If you visit May through October, you’re more likely to experience intense humidity and more frequent thunderstorms- but you’re more likely to get Tulum’s attractions all to yourself!

Palm tree on beach in Tulum

Tips for visiting Gran Cenote

  • Come wearing your swimsuit. While there’s private bathroom stalls with flush toilets, there’s no other formal changing area with benches or hooks- so changing isn’t the most convenient. Instead, wear your swimsuit under your clothes- you’ll be able to get into the cenote that much faster!
  • Come early or late to avoid the crowds. One of the reasons I think Gran Cenote is so awesome is its proximity to Tulum- and it turns out, so do lots of other visitors to the region. While the cenote is open 8 AM to 4:45 PM everyday (with the last entry allowed at 4:15 pm), I’d highly recommend visiting when the cenote first opens at 8 AM or after 3:30 PM.

    Outside of those windows, the cenote is absolutely packed with tour buses and other visitors. Plus, to be honest, the staff here has been known to be kind of slow and, at times, even rude- so it behooves you to visit when you don’t have to wait in line and compete with other visitors for their attention.
Woman floating in Gran Cenote
  • Tripods are not allowed. To discourage people from having full-blown social media photo shoots, tripods are not allowed in the facility- and will be held by the entrance station until you leave. I’ve even heard of staff being grumpy towards people who bring in DSLR cameras.

    Given that cell phone cameras are so good nowadays, I might recommend leaving your fancy camera at home to keep peace with the staff- and bring along your boo or your bestie to get some great photos of you!
  • If photos are a priority, come on an overcast day. To be honest, getting good photos of the Gran Cenote is kind of challenging- with the dappled light from the plantlife hanging over the cenote and the glare on the water, nailing the lighting is pretty tough. You’ll probably have an easier time getting decent photos on an overcast day, when the lighting is not so harsh.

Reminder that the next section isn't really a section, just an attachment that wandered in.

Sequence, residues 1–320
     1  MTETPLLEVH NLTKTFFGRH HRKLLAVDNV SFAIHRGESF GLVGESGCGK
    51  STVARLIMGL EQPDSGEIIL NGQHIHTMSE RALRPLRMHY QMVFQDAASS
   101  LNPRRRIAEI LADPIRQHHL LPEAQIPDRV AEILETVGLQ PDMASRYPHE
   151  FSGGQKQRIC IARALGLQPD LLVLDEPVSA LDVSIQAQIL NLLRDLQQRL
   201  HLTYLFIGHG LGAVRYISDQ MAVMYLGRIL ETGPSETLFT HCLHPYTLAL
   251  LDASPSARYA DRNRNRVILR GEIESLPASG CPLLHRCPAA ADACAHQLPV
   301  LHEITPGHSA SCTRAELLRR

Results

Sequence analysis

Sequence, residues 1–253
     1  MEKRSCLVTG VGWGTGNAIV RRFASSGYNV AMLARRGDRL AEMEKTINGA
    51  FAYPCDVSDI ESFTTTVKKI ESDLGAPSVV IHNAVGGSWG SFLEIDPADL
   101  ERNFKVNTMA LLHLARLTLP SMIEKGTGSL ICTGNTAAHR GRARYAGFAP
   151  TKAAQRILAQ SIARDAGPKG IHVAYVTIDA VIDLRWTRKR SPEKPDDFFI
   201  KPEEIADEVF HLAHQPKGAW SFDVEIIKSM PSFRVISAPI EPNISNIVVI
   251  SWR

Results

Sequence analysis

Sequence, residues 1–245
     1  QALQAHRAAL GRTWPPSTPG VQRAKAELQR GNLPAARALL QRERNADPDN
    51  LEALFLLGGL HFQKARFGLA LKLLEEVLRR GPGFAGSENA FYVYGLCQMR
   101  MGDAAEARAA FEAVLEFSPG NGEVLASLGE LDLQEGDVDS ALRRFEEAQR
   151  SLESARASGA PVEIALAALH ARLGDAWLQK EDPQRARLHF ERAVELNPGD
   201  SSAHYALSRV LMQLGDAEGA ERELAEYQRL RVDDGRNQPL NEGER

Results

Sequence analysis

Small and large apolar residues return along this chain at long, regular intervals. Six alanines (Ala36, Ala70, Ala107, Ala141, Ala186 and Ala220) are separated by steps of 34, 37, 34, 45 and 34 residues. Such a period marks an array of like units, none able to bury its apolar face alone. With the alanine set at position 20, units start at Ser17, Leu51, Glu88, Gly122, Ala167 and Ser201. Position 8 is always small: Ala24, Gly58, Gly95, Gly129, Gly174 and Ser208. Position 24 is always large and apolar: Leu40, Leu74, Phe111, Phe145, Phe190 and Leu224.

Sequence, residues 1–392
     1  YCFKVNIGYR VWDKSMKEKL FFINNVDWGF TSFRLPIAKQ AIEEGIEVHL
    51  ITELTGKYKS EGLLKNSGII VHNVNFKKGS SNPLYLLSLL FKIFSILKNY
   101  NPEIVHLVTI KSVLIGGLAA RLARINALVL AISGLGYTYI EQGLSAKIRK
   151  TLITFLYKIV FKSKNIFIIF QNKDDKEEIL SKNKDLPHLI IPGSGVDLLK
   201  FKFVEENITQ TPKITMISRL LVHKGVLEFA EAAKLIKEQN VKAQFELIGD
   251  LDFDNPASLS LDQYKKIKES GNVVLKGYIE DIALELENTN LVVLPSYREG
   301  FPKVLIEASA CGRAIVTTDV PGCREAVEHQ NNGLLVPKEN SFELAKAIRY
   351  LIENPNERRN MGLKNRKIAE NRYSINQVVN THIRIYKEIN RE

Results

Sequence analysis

Woman climbing ladder into Gran Cenote

What to pack for Gran Cenote

You’ve got cash money in your wallet and your sense of adventure is primed and ready to go. What else do you need to visit the Gran Cenote?

  • A towel: Towels are not provided or even available for rent here. I’d recommend including quick dry towels on your Mexico packing list– they’re super lightweight and take up basically no room in your luggage and come in handy when hotels or AirBnBs are skimpy with towels.
  • GoPro: Between the stellar rock formations and the adorable wildlife, I’m kicking myself that I didn’t include a way to record the Gran Cenote’s incredible underwater world. Don’t make the same mistake as me- bring along a GoPro!
Woman snorkeling in Gran Cenote
  • Water: As mentioned above, no drinks are sold onsite- which is not the most convenient in the hot and humid jungle of Tulum (especially if you’re bicycling here). Justin and I take these giant Nalgene bottles with us wherever we travel to cut down on individual bottles that need to be thrown away and to save money on buying bottled water.

    While the water in Tulum isn’t safe to drink straight out of the tap, lots of hotels and hostels provide safe, filtered water. Even if your accommodations don’t provide that, I’d recommend buying a giant jug of water at the beginning of your trip to fill up your Nalgene- it will be kinder to the planet and on your wallet!

Enjoy the Gran Cenote- it (and its underwater world) is so beautiful! Did I forget any tips about visiting? Let me know your recommendations in the comments below.